You need to be able to identify these students fast and find a way to fill dead time when they have nothing to do. You could keep them engaged by moving them a bit faster through the curriculum, but this might become an issue near the end of the semester.

One thing you could do is speak with the administration and see if there could be a special program set up for overachieving students. This will keep them interested and prevent them from disturbing other students in the classroom if they’re disruptive.

Do More Group Work

We all remember how excited we were as young students when we got to work in teams. Not only did it allow us to work with people we had affinities with, but it also helped us build connections with other students and bounce ideas around. Children love collaboration and collaborative work fosters creativity. It also teaches children how to be good listeners and team members, and to discover their leadership abilities.

By encouraging group work, you will build a more tight-knit group and your students will be much more personality invested in the projects they work on. You can either choose to let students form their whole group or engineer groups yourselves if you find that certain pairings have been troublesome in the past.

Let Your Students Influence the Way Classes are Taught

You can’t give your students full control over how classwork is dispensed, but they can and should have a say if possible. Ask them if they’d like to do more solo work or group work, for instance, and what type of projects they’d like to work in groups on. Also, ask for feedback during classes to make sure that everyone is on the same page, and ask your students if they’d like you to slow down or speed up your delivery pace. You could even let students get involved in assessment design and let them choose the final product as long as it meets the criteria.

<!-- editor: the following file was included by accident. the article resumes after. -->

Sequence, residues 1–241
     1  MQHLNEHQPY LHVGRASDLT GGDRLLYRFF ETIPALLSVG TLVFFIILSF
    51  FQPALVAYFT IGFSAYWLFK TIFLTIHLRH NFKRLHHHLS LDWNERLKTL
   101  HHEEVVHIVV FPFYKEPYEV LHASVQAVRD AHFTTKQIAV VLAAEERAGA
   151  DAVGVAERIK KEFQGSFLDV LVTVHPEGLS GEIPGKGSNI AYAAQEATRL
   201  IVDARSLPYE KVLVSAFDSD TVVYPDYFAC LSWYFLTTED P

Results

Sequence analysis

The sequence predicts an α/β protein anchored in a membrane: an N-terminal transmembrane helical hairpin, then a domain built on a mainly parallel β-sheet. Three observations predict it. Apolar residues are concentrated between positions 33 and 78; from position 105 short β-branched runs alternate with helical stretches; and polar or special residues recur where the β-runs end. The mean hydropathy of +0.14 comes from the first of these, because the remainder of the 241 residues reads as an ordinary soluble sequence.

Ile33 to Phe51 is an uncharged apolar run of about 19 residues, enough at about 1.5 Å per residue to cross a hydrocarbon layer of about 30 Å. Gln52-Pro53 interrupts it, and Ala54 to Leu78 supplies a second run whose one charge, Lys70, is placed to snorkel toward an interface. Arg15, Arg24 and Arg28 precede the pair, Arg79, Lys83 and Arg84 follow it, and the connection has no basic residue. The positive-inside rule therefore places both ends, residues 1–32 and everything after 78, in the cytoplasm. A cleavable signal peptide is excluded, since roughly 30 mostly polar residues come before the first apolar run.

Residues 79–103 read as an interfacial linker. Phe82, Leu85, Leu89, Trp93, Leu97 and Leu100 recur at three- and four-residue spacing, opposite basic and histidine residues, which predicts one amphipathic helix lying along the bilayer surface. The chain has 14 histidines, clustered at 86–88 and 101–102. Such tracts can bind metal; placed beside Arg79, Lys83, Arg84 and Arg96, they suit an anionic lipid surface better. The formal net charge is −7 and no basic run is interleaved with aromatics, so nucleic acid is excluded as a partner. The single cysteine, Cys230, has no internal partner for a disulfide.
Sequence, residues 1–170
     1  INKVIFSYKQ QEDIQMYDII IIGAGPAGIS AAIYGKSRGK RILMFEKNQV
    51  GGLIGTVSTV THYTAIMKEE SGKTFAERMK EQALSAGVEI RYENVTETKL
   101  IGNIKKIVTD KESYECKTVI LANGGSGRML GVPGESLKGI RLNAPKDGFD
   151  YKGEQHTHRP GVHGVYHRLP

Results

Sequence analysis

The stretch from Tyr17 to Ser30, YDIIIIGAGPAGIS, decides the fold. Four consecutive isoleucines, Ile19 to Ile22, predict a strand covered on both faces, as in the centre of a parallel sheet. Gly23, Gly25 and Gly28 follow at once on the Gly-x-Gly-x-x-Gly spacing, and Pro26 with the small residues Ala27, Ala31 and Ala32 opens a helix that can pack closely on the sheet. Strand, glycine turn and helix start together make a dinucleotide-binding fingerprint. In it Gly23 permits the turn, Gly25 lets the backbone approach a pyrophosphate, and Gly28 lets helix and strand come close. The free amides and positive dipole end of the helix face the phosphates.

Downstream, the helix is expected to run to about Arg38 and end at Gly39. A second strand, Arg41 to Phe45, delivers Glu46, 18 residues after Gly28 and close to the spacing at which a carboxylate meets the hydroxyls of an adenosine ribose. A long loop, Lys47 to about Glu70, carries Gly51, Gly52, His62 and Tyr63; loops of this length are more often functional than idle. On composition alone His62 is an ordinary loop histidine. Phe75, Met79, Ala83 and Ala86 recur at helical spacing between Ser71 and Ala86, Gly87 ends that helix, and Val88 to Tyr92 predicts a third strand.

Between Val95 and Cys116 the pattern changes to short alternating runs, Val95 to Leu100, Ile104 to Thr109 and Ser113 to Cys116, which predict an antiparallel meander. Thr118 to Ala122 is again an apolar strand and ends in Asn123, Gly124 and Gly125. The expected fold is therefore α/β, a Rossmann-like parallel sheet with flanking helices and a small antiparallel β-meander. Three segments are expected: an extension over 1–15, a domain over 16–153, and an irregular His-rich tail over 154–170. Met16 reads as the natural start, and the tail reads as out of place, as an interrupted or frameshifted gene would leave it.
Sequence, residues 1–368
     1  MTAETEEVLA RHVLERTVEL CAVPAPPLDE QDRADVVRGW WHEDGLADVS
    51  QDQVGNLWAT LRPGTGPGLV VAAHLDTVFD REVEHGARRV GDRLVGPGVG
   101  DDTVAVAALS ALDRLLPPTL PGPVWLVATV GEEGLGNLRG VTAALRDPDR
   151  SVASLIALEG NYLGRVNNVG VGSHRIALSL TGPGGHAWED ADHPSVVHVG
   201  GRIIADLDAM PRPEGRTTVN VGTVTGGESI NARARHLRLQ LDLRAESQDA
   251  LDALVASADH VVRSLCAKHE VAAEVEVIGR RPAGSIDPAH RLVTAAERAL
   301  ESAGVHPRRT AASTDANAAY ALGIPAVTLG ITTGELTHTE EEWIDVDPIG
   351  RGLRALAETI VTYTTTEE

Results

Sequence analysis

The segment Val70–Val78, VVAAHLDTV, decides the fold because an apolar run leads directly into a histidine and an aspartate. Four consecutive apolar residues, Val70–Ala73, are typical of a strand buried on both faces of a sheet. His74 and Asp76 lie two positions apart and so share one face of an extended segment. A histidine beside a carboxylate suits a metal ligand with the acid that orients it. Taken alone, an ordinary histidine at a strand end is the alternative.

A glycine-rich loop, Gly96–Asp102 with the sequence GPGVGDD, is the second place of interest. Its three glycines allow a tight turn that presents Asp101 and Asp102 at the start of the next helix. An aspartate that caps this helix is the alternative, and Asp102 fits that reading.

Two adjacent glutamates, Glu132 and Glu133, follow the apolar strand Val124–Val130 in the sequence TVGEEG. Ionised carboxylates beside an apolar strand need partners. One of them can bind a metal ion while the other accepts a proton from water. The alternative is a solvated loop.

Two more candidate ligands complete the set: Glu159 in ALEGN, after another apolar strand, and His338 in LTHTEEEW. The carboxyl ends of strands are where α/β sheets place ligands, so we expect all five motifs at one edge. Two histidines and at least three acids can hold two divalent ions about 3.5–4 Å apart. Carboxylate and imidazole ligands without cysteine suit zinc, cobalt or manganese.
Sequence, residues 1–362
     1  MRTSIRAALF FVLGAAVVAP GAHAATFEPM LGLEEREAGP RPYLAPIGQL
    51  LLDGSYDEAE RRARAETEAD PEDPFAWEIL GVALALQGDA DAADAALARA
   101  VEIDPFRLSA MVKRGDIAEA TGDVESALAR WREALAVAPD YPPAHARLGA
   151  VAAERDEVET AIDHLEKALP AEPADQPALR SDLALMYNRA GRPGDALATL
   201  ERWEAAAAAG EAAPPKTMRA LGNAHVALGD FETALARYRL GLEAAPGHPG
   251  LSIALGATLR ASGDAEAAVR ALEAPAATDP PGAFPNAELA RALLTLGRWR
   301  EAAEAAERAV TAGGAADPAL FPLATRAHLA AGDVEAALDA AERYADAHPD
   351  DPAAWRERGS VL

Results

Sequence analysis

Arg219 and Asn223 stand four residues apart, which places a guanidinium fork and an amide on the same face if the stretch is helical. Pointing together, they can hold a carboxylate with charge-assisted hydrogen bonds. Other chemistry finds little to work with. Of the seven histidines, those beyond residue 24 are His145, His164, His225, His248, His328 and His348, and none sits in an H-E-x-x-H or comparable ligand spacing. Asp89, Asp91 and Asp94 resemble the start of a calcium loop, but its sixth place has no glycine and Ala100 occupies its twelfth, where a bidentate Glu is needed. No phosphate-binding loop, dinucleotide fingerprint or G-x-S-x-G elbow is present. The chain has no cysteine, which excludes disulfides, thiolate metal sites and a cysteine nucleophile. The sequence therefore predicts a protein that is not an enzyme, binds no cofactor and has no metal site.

Keep Your Students Physically Active

Keeping your students moving is one of the most efficient ways to keep them alert. One of the reasons for this is that blood flow delivers oxygen and other nutrients to the brain and improves focus and concentration. It can also elevate your student’s mood.

One of the things you could do is clear the floor before classes and have everyone perform physical activities, such as frog jumps, jumping jacks, or yoga stretchers, for instance. You’d be surprised at how much more alert and calm your students will be after.

You can also encourage students, especially those who tend to drift away, to come to the board to answer questions. You could also ask one of your best students to explain certain concepts to the class. Students will often understand a subject better when it’s told by someone they relate to, and it will keep your gifted students engaged.

These are all things you can try in your classroom starting today if you want your students to be more engaged and eventually more successful. Always try to find new ways to teach and connect with your students no matter their age or level.